As Newcastle fans, it's tempting to caricature the Mackems' transfer policy as, in essence, throw enough shit at the wall and hope that some of it sticks. However, let's be honest and admit that, in light of our own club's extraordinary inactivity, we're just a teeny bit envious of the Dark Place's crowded arrivals lounge. As with Villa, it appears that a list of targets was compiled from scouting reports and that the board then set about swiftly and determinedly getting their men. Emanuele Giaccherini and Cabral in particular look like very useful additions to the side.

Aside from the numerous purchases, Paulo Di Canio's resolve to stamp his authority on the squad has also been demonstrated by the systematic dismantling of his predecessor's legacy. Martin O'Neill's two January signings, Danny Graham and Alfred N'Diaye, have both been deemed surplus to requirements and shipped out on loan, while James McClean, who initially flourished under the Northern Irishman's guidance, has been flogged off to Wigan. Here's hoping that none of the new signings acclimatise to the rigours of the Premier League, and that Di Canio has a complete meltdown at an inopportune moment - preferably in the aftermath of us exacting sweet revenge for that 3-0 defeat last season...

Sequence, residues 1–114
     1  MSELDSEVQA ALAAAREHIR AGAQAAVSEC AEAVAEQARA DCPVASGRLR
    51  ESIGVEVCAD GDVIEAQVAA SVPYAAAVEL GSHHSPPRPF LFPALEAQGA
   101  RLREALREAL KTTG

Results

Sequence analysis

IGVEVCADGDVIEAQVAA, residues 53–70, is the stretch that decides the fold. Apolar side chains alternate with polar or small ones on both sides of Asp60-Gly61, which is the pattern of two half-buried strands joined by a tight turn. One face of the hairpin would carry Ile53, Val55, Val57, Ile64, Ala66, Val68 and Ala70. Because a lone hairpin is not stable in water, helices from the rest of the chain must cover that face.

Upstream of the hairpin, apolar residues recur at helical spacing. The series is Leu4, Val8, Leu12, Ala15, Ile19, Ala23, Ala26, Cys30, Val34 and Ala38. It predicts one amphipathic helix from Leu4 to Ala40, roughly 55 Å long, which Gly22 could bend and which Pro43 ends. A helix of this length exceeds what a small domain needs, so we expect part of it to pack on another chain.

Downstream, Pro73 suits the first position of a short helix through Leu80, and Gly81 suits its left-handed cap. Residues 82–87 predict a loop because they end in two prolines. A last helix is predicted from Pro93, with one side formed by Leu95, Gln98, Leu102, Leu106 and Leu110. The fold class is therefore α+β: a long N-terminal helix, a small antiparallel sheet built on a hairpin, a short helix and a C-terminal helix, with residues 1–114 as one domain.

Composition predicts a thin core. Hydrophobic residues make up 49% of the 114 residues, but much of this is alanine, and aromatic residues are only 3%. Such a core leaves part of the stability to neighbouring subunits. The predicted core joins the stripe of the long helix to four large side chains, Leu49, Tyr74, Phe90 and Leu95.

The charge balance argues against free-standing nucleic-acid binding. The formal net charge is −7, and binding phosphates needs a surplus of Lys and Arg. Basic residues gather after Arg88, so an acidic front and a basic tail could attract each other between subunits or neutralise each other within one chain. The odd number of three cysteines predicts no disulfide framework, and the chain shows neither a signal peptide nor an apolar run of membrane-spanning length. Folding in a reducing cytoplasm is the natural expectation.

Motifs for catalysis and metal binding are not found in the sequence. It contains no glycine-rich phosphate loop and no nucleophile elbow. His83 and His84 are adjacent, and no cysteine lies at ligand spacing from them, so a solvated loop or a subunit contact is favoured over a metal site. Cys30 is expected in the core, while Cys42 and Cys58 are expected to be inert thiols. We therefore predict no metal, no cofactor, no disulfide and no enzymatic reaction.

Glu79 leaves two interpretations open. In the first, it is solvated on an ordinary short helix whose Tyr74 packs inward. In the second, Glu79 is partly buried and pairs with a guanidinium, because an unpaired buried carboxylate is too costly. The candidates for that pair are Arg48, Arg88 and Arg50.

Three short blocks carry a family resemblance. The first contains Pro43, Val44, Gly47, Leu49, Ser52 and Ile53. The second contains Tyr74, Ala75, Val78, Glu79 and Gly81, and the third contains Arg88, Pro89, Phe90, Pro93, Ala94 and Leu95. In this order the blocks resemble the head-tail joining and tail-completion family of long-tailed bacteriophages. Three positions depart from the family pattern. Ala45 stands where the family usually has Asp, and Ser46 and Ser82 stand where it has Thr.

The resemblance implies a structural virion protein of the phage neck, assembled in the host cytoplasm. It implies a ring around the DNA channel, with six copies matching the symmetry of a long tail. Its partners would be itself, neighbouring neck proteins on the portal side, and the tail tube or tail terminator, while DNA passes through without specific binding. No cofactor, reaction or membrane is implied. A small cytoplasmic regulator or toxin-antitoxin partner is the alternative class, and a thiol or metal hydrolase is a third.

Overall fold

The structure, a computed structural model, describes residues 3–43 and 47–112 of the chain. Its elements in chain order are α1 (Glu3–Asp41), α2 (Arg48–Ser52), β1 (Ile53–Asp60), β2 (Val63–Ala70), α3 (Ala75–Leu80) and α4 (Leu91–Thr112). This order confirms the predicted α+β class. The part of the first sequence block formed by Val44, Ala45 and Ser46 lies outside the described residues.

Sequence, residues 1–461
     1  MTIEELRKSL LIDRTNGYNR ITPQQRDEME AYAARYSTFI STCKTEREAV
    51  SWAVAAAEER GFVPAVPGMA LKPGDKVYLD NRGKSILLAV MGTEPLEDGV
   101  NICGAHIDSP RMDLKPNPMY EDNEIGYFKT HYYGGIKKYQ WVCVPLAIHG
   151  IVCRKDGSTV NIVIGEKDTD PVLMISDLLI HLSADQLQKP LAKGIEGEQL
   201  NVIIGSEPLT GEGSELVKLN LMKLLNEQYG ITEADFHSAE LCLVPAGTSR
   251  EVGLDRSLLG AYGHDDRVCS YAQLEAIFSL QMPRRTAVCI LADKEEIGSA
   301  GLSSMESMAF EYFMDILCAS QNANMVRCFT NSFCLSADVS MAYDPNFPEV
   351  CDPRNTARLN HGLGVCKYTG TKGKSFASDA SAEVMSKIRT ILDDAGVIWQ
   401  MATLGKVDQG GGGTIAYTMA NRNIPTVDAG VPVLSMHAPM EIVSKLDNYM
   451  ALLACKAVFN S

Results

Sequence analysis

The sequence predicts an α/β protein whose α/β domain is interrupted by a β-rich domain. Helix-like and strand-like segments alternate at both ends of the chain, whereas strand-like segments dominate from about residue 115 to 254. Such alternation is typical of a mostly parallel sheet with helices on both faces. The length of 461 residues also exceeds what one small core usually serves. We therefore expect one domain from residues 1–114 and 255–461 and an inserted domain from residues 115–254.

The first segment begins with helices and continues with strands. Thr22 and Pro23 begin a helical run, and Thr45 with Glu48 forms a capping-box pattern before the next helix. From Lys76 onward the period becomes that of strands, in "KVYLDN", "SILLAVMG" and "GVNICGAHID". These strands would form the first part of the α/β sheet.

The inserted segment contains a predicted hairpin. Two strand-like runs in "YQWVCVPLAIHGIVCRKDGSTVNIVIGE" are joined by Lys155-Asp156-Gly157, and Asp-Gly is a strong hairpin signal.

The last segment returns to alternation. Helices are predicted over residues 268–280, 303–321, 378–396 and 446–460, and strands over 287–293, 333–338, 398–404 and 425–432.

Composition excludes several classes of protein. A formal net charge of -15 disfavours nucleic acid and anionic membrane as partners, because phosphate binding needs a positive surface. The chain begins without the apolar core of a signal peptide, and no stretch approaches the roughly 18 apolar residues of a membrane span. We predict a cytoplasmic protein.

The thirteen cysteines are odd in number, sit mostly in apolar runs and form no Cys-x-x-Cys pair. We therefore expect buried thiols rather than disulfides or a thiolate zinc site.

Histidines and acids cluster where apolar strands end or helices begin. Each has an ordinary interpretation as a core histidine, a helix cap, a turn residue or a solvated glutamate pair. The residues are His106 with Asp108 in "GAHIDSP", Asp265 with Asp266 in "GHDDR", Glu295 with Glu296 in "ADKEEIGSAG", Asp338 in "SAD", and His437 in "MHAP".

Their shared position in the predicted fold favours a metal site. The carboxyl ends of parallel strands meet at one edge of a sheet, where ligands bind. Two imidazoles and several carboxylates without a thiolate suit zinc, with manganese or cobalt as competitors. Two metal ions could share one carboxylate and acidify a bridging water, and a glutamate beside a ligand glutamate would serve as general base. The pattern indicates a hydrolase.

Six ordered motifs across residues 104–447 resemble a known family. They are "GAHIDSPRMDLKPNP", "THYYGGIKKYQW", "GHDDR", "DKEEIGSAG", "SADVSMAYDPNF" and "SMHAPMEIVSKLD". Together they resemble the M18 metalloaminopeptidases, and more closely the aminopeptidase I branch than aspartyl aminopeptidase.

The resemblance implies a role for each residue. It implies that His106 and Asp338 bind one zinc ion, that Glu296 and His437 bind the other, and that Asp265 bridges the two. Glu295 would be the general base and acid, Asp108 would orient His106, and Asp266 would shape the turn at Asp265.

The easiest-on-the-eye side in the top flight, guided to the first major trophy in their 100-year history and a place in Europe by someone who, as a player, won league titles with Ajax, Barcelona, Real Madrid and Juventus and has been named as his country's greatest ever. Yes, Swansea fans could be forgiven for pinching themselves. Not that the Swans' summer got off to a great start, though. Tensions between Michael Laudrup and chairman Huw Jenkins led to the club severing all ties with the Dane's agent, with the manager implying he might walk out, but somehow it never came to that.